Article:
I always joke that I live in a town known for 'peace, love and happiness'. It's commonplace to see peaceful protestors for various causes in the center of town, just a part of the local fabric. But the truth is that this small enclave nestled into the Catskill Mountains, famous for a concert or two, rich with creativity, art and progressive thinking, could really adopt a new tagline of 'peace, love and my opinion.' My way. This rolls out regularly from local elections and beyond, to most recently the changing of a school mascot -- which has been the hotbed issue du jour, creating a great deal of divisiveness. I guess 'love is love is love is love'...unless of course you are not like me, you don't agree with me, and then things get heated. Alas, as a counterbalance, there is a drum circle -- drumming for peace every Sunday afternoon on the village green. Hey, we take our 1st Amendment Rights seriously around here, but I think we can all do better in this department. Life is more than just about expressing opinions, it's about the deeper conversation and connection. This is where we can find the love -- within ourselves and reflected back from others.
It's hard to write about anything else when tragedy strikes. It stirs us. It stops us in our tracks. It makes us take stock.
Orlando. We mourn, our hearts break, and we fervently pray for those who have tragically lost their lives. And for those who are now left to pick up the pieces of senseless, despicable acts of violence against humanity. We pray for all of us to show up as our best, tolerant, loving, compassionate selves. These large events that stream 24/7 on the news showcase the new reality. But every day we are presented with small moments to choose -- divisiveness or acceptance. Conflict or conversation. We find it in our own homes, our schools, our offices, our communities, on the sports fields of our children, in our political elections and beyond. The results of those very choices become the trickle down that will be felt like aftershocks of an earthquake.
Sometimes we sidestep the bigger picture and trivialize what's really at stake. What are we teaching our kids when we do not create room to listen, learn, converse, to live side by side -- to connect to their humanness, not their need to be right?
It's not about walls, but bridges.
It's not about divisiveness, but diversity.
It's not about self-medication, but self-exploration.
It's not about searching outwardly for what can only be answered within.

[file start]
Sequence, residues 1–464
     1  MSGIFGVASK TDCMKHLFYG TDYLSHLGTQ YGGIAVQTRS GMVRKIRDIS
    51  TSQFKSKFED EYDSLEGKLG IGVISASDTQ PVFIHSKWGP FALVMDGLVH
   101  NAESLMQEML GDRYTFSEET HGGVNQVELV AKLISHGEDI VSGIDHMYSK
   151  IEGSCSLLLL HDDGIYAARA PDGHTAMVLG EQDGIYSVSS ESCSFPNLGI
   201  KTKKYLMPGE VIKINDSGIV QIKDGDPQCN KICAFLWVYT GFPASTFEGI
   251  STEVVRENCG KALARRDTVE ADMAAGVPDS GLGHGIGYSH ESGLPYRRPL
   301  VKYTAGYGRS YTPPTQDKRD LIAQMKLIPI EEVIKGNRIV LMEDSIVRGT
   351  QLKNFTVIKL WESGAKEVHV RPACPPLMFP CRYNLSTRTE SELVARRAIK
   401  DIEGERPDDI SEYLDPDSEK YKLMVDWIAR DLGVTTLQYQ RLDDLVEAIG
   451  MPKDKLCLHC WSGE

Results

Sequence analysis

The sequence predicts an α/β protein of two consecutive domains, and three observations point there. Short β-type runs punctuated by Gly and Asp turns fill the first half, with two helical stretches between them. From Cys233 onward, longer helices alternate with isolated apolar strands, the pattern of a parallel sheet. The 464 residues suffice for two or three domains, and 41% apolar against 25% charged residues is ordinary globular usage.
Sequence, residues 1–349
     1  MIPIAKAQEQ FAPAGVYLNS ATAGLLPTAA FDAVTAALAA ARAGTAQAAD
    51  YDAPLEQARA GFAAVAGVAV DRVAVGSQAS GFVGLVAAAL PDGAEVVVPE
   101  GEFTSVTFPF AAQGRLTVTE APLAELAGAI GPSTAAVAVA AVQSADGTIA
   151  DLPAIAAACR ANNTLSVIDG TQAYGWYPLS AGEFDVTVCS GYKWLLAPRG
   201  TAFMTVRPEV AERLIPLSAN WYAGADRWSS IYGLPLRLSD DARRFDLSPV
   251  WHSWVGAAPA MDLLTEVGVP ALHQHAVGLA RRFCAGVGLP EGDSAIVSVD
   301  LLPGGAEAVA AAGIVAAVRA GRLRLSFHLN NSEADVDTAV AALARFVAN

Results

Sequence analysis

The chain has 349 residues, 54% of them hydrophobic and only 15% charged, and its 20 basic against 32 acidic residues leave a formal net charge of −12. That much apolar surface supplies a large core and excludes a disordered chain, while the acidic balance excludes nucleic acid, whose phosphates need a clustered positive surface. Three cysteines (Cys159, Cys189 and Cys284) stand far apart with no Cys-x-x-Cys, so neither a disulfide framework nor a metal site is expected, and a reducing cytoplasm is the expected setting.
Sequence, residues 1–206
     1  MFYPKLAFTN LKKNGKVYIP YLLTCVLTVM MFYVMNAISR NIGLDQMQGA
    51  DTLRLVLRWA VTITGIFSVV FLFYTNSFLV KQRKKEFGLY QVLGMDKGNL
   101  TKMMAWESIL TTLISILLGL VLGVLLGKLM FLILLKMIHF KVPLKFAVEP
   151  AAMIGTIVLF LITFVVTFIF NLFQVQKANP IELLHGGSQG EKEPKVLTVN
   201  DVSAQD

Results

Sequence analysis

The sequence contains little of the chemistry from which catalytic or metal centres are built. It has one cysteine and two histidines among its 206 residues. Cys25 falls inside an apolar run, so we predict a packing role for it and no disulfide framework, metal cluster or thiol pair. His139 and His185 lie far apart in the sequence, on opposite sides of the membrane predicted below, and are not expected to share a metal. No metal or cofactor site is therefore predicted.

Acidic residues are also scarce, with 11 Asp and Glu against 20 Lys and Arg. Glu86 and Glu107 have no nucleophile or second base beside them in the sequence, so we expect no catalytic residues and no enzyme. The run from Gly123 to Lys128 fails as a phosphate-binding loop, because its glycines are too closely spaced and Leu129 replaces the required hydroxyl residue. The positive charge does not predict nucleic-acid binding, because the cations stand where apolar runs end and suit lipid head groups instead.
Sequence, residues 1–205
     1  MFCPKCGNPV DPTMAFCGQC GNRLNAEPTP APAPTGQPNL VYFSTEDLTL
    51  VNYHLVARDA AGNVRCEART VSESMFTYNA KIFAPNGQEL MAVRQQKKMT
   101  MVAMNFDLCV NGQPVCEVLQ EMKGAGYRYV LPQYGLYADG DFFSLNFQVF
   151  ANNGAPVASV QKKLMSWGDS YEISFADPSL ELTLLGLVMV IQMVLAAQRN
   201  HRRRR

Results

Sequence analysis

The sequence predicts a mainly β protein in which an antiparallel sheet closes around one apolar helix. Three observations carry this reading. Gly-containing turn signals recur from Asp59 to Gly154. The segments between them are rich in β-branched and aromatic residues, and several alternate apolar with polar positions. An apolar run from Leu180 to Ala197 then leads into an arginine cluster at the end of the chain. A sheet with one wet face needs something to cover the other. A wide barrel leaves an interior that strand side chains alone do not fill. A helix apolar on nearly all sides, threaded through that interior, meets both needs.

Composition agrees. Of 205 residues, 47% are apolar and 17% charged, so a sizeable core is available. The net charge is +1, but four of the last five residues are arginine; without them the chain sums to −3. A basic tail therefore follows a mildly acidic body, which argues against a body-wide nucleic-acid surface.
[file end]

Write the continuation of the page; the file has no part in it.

It's not about needing to be right merely to make another wrong.
It's not about not having enough, there is room for us all.
It's not about seeing our differences, but rather our commonalities.
It is about our humanness.
Whether a panhandler on the street, a refugee seeking political asylum, a follower of a different faith, gender identity, race or someone who likes vanilla ice cream cones with colored sprinkles when another likes strawberry -- it's about compassion. It's about seeing beyond circumstances -- seeing a person as a person.
I don't care what bathroom you want to use. I care that you are a kind person. I care that you want to tap into your purpose and passion in the world. I care that you care to be a better version of yourself today than you were yesterday. I care that you feel for another human being. I care that you want to make the world a better place.
What happened to the great melting pot?
I'm not a Pollyanna, but I know this path of intolerance is not the way. Intolerance is fear, so what are we afraid of? Our answers are found in our questions to self, in our deeper dive into our soul, not in forcing another to think as we do, live as we do, choose as we do.
Where is the celebration of our diversity?
What role can you play? What small step can you take in your day-to-day life -- catching yourself in a small judgment of another, in formulating a negative opinion, or simply missing an opportunity to be kind? Little things become big things. They plant seeds. We can gather a tribe that supports our closed, small-minded theories, or we can gather a tribe that stretches our thinking, prodding us along a path of self-expansion.
At some point we need to stop traveling through this life, aimlessly set on autopilot, convincing ourselves that we don't have time to think about all of this 'stuff,' only paying attention when some abhorrent tragedy strikes. The reality is that we cannot afford not to. It's time to go inward -- to do our inner work.
Do you stand for love?
When we formulate opinions of others, they are reflections of how we feel about ourselves (ouch). When we spew intolerance and ugliness, it is emanating from somewhere deep within, some wounded sense of self. Doesn't that shift the tables for moment? Love is an inside job. Self-love is a result of showing up for our own work. If we want to profess that 'love is love' and fill our social media sites with hashtags, we must first fill our own wells of compassion...unconditional compassion and love. Tap into it that beautiful well within and watch what flourishes.
One small step for man, one giant leap for mankind.
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[Photograph by Steve Snider]